BANGKOK, Thailand -- After the military-backed government used
truck-mounted cannons to blast irritant-laden water at revolutionary
youngsters in the street last week, the protests spread.

“Don’t challenge the Grim Reaper," Prime Minister Prayuth Chan-ocha warned.

"We are just asking people not to do wrong and destroy the government
and people’s property.

"What the government needs to do is to protect the monarchy," Mr.
Prayuth said on October 19.

The regime repeatedly shut down Bangkok's mass transit system during
the protests, stranding thousands of passengers.

That also did nothing to stop the escalating pro-democracy dissent.

Looking increasingly desperate, vulnerable and bewildered, Prime
Minister Prayuth did the unthinkable -- he declared it illegal to post
online any selfies photographed at rally sites.

Protesters and others laughed at what seemed to them to be Mr.
Prayuth's ridiculous response.

Peaceful, nationwide, pro-democracy protests led by tens of thousands
of university students and school children gathered on the seventh
straight day October 19.

This time they chose three main sites near Khlong Prem Prison,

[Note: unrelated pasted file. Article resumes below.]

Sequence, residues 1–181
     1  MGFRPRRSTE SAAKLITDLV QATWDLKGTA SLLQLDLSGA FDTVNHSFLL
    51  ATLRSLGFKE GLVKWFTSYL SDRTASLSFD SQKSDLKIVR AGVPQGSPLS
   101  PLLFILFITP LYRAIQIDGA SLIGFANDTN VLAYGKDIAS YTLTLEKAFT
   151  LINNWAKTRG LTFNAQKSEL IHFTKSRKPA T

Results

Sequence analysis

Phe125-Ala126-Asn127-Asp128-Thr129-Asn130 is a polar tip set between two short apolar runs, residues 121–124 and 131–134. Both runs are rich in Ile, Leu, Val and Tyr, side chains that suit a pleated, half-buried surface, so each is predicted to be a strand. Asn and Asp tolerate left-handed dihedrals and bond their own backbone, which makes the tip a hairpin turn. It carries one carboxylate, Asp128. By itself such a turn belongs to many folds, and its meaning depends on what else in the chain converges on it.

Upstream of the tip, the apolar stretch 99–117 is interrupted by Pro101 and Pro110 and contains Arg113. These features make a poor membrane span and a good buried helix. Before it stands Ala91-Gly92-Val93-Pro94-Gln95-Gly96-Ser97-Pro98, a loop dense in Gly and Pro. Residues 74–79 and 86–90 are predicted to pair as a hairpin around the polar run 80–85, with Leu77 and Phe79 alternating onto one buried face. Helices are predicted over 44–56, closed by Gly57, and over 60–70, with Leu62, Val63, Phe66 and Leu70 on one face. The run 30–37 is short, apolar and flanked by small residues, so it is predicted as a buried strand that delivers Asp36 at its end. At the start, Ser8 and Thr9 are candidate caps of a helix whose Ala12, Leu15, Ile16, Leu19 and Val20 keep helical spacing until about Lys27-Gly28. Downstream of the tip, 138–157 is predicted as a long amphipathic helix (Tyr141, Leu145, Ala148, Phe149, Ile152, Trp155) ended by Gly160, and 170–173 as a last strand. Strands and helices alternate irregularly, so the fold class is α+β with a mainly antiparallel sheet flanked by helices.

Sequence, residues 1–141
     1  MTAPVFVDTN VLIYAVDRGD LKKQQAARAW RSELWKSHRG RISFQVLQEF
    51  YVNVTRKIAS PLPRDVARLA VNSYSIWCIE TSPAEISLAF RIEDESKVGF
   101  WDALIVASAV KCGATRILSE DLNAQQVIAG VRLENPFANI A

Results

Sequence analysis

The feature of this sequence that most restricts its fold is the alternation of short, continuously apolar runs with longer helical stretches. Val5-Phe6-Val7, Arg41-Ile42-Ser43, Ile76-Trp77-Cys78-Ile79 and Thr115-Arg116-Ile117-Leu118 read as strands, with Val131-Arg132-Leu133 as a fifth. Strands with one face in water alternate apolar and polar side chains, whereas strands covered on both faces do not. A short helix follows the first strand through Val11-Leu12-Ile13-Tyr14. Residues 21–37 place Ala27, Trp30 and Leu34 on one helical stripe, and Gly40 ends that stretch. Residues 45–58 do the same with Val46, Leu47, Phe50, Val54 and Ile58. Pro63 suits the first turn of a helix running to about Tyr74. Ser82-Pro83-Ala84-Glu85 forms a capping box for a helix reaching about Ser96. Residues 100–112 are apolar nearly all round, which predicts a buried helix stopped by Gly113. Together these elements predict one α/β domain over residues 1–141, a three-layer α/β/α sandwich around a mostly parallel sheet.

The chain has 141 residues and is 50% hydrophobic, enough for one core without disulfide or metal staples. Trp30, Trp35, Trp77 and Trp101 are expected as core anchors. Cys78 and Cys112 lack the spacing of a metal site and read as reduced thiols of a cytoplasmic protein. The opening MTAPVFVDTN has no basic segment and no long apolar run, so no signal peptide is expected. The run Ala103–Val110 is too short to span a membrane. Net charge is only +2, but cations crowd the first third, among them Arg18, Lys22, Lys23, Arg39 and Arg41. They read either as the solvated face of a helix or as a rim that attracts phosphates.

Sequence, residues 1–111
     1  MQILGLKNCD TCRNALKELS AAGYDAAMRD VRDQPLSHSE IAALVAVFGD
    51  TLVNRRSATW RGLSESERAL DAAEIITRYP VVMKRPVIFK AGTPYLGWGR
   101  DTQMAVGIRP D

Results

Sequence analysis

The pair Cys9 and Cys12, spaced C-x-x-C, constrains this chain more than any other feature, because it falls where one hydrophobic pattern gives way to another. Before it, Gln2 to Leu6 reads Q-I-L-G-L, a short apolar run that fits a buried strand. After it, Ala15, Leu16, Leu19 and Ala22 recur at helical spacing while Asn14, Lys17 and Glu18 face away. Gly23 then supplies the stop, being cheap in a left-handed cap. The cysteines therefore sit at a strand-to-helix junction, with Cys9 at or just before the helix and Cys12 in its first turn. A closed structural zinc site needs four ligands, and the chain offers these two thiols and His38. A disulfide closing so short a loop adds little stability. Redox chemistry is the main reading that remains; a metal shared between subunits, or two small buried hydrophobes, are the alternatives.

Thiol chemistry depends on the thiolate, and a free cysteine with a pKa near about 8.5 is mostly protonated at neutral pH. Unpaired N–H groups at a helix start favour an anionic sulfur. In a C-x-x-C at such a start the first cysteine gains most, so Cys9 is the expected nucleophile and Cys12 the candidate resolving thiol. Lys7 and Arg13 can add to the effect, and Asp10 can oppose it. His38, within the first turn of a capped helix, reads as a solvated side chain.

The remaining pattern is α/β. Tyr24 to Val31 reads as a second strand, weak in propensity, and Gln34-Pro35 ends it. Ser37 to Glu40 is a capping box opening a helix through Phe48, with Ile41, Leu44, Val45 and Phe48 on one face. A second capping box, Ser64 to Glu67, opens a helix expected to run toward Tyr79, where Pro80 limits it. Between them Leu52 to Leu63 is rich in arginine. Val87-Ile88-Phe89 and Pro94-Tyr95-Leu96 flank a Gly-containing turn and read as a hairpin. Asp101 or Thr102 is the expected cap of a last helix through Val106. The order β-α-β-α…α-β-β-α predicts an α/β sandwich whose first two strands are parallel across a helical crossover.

Kasetsart University and the Health Ministry and elsewhere in Bangkok
plus other cities.

They duplicated successful rallies which were announced at 3 p.m. each
day on Twitter, Facebook, and the secure messenger app Telegram.

"Death to dictatorship, long live democracy," a massive crowd shouted
during a rally on October 19.

Similar to previous protests, they blocked traffic, voiced often
vulgar anti-Prayuth and anti-monarchy speeches, and dissolved at 8

"A leaked government document ordered Internet service providers in
Thailand to block access to Telegram," Khaosod English news media
reported on October 19.

It was not possible to immediately confirm that report but Khaosod is
usually reliable.

"The 'Top Secret' order, seen by Khaosod English, cited the emergency
decree that granted security officers power to block and control any
information on the internet deemed to cause unrest in the country.

"The letter was addressed the National Broadcasting and